MOC: Modular Bank
Posted 06 January 2012 - 04:39 AM
Hello, honorable Eurobrickers,
I first announced this back in May when I posted my 8-wide modular apartment, but it's really taken a long time to get from the planning stage to finished photos. This building spent a lot of time in MLCad before I took the plunge and ordered the (more than 3000) bricks to make it a reality - and when I'd finished it, I wasn't happy with the roof. It looked a bit "like a barn", as Hinckley so eloquently put it when I asked for advice back in September.
By then, I was torn between two different designs, none of which I felt at ease with, until Locutis suggested I combine them. And the solution really was that simple. I rebuilt it, and then I took some outdoor photos, but didn't get around to taking interior shots of it until yesterday - so, almost a year in the making. Hopefully it was worth the wait (as if you've all been expecting it)...
I have one regret. I should have taken the time to do a cellar that could have been used for storage or even for a vault - there's plenty of room for it underneath the ground floor - but when I had finished the whole building in MLCad I just couldn't stand the thought of going back to do it all again...
Well, let's get down to business and give you something to look at! You probably didn't come here to read.
First a couple of exterior shots, marred by strong sunlight, lack of photographical excellence and a difficult colour - sorry about that. I wanted the building to look imposing, like it wouldn't be easy to get in if you weren't supposed to. So it's a bit of a fortress, but I'm happy with that. The first floor windows in the back are protected by iron bars, and there are also iron gates to protect the front and rear entrances. The main stairs also add to the feeling of something big and sturdy. I added the statue to add detail - it's supposed to be St. Matthew, patron saint of bankers, but why I've provided him with a key I don't remember... oh well, I'm not a Catholic, so I'm not too good with saints.
I should also mention the cash machine, which I've placed in a separate room to the right of the entrance, along with some brochures.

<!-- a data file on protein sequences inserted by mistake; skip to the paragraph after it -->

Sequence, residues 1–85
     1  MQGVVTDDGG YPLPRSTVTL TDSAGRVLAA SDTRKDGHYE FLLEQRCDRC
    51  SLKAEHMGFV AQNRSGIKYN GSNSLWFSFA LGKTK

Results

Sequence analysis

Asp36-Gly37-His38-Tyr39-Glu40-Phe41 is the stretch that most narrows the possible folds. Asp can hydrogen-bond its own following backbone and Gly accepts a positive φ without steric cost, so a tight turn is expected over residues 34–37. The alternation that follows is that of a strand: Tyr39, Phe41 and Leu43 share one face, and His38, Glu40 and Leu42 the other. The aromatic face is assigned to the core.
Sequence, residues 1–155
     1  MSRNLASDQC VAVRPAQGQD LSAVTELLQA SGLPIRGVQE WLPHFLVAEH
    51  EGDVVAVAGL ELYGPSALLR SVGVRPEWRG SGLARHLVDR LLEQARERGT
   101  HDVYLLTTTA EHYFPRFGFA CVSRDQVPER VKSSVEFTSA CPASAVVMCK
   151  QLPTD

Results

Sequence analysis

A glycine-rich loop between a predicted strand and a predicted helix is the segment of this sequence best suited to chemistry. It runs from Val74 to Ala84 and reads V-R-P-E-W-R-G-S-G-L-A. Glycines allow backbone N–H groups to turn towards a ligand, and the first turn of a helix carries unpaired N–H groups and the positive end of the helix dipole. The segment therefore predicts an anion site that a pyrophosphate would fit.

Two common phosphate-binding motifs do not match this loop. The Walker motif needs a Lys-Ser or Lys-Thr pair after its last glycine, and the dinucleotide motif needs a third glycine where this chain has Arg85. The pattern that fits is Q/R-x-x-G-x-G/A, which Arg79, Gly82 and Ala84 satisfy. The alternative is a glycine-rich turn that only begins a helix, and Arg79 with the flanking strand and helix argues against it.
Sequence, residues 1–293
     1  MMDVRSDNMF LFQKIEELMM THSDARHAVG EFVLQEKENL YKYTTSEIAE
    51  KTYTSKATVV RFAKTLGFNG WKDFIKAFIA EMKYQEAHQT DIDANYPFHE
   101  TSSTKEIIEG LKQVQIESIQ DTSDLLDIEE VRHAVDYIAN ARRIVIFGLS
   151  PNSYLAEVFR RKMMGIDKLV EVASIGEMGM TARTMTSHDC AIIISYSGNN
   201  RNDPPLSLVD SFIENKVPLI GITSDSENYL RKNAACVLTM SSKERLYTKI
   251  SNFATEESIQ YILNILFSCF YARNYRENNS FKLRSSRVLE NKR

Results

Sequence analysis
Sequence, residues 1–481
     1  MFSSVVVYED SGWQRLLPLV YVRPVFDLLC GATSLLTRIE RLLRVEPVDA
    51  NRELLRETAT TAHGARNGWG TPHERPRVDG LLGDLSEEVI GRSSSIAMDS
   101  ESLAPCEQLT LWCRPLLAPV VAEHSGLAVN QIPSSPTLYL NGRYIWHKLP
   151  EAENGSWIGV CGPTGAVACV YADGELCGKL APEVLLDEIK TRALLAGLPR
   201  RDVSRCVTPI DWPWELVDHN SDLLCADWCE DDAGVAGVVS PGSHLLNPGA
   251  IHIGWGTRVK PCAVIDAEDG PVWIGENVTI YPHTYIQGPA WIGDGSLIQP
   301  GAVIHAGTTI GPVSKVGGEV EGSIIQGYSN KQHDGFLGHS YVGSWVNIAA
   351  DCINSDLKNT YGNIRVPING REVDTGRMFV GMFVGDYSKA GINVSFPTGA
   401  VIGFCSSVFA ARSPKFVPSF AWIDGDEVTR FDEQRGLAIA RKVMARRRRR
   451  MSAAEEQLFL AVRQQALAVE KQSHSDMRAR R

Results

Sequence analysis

A couple of comments here: I wasn't aware of those printed Duplo bricks until I started looking for printed parts that could be useful when building a bank, but they fit perfectly - they were even white, and the green colour goes very well with the flags. The use of the 2x2 round brick with grille was a no-brainer. The sign is a simple Photoshop job, printed on regular paper, so the colour is a bit off - I might change that later.
And this is what caused me so much trouble. I think the final solution is a very good one for this kind of building. Now for some interior shots - I personally think this is what I do best.
On the ground floor, the main feature is the teller's counter. There are three positions, each manned (and womanned) by a friendly employee equipped with a computer (and an invisible alarm button). There's a printer/photocopier on a shelf on the back wall, a waiting area with a water cooler, a queueing ticket dispenser and clips for the elderly customers to attach their walking canes in while they're being helped. And there's an example of my signature spiral staircase leading to the first floor.
The other room on the ground floor is the video surveillance room, where the security staff keeps an eye on everything that goes on inside and outside the bank. It's equipped with lots of monitors, there's a service hatch for the cash machine, a couple of guns and a some handcuffs.
On the first floor there are two smaller cubicles, with sliding doors, where consultants can give advice to customers. I'm particularly happy with the metal detector lamps in the hallway...